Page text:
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My wife thought it would be wonderful to have candles in the garage door windows - well, a couple 3d prints and a WeMOS later - bam, happy wife!!

UPDATED: I've added time server calls and a simple internal time clock using ticks to turn the lights on and off automatically, check my GitHub for the latest code. https://github.com/jeremyproffitt/esp8266-fastled-...

I choose the wemos because I worked with the Jason's Esp8266 + FastLED project which makes a great base for building a web enabled LED project. His Github is here: https://github.com/jasoncoon/esp8266-fastled-webse...

You'll also need some WS8211 / 8212 LED's, either in a strand to cut up (like this https://www.amazon.com/gp/product/B00OH05D3I/ref=o...) or individually.

Solder skills are a must as well. The code is set up for WS8212 LED's attached to the D4 pin of the WEMOS (which Fast LED calls pin 2), this allows you to hook up 5v, GND and data in 3 sequential pins, making for quick work.

Step 1: 3d Print Parts

Print the candle holders preferably in white and the flames in clear plastic. I printed them both 20% infill and on draft mode. It won't really matter how they look, just that they are stable. If you have trouble printing multiple flames at once, you may need to print them one at a time - because the base is so little area touching the bed of the printer - it printed best for me one at a time with plenty of glue stick.

Should you want to adjust the models, they are available in Tinkercad

Flame - https://tinkercad.com/things/6PWdsMFclYq

Candle Stick - https://tinkercad.com/things/jfS9yRUbOZ2

Step 2: Ready Your Wemos

This is my fork of Jason's ESP8266 - Fast LED Server, I've added FIRE to the list, which I thought was sential for candles https://github.com/jeremyproffitt/esp8266-fastled-...

You'll want to add your wifi settings as needed, compile and program it into your favorite ESP8266 - I'm partial to the WeMOS but any will work. Make sure to push the web files using the 8266 Sketch Data Upload, which is a separate step from programming the ESP8266.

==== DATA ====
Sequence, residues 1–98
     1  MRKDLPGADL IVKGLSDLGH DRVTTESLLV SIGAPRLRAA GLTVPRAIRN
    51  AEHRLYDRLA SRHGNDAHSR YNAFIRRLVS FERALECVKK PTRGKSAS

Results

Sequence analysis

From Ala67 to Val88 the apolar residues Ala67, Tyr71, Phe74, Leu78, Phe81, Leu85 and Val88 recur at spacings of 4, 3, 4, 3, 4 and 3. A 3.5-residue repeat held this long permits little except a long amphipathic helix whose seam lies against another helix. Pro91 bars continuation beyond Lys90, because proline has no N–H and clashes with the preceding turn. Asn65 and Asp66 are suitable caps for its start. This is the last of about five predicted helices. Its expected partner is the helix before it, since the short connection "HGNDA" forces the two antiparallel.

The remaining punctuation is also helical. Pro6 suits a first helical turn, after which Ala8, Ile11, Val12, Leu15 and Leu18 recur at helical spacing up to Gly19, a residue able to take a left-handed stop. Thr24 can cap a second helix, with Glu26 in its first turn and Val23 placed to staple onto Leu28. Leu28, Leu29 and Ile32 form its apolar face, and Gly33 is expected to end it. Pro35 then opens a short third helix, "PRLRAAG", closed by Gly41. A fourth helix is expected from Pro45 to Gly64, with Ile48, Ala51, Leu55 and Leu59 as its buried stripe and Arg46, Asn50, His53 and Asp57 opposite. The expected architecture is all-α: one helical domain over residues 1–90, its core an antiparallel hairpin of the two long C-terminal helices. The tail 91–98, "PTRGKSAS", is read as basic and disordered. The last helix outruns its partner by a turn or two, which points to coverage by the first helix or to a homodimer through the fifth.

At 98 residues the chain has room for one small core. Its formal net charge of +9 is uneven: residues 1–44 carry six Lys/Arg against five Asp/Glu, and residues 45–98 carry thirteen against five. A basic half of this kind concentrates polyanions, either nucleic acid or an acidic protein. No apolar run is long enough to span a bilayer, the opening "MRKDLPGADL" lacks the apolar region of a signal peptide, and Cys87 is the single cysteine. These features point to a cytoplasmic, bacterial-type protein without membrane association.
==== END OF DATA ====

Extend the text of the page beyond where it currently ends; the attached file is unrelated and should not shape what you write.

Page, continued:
These settings control the LED's, they are pretty standard for FastLED

//Define RGB LED configuration
#define DATA_PIN 2 // for Huzzah: Pins w/o special function: #4, #5, #12, #13, #14; // #16 does not work :( #define LED_TYPE WS2812 #define COLOR_ORDER RGB #define NUM_LEDS 8

These settings are new and control the automatic turn on/off timer.

#define UTCAdj -5 //This is the adjustment from UTC time, this wil change depending on your time zone and weather it's daylight savings time.
//For EST (New York / Eastern Standard Time) when it is not in Daylight savings time, like around christmas, the value is -5, PST (California) would be -8, you can work it out from there. #define TURN_ON_HOUR 17 //Hour (from 0 to 23) to activate the lights, this is in military time, so 5PM would be 17 (5 + 12) #define TURN_OFF_HOUR 23 //Hour (from 0 to 23) to deactivate the lights #define POWER_ON_STATE 0 //0 means when the ESP8266 is powered on, the lights stay off, 1 means they turn on. THis state will persist until the next hour rolls over, then the schedule above is honored.

Step 3: Installation

Install your device using small bits of rubber padding in between the window frame and the candle stick, this allows them to keep from rotating or shifting. Also, I used zip ties to take up the slack between the candles. I used a rechargeable battery pack for now and will soon add automatic turn on and off based on time to the code to help manage power as well.

The video shows a great overview of the installation inside the garage.

Step 4: Relax and Enjoy

That's it! You're done!

<p>This looks really nice! I'd love to do this in our garage :)</p>

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